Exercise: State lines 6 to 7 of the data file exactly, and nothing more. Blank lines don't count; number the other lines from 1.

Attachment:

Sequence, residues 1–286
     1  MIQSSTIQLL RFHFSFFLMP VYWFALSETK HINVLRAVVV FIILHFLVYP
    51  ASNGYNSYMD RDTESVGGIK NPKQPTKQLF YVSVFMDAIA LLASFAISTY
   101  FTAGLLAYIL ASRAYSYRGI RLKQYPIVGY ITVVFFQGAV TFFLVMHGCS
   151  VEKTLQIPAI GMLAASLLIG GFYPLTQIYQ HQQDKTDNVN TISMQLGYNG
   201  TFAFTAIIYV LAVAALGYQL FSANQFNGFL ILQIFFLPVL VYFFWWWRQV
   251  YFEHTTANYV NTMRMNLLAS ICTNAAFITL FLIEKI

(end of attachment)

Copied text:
   201  TFAFTAIIYV LAVAALGYQL FSANQFNGFL ILQIFFLPVL VYFFWWWRQV
   251  YFEHTTANYV NTMRMNLLAS ICTNAAFITL FLIEKI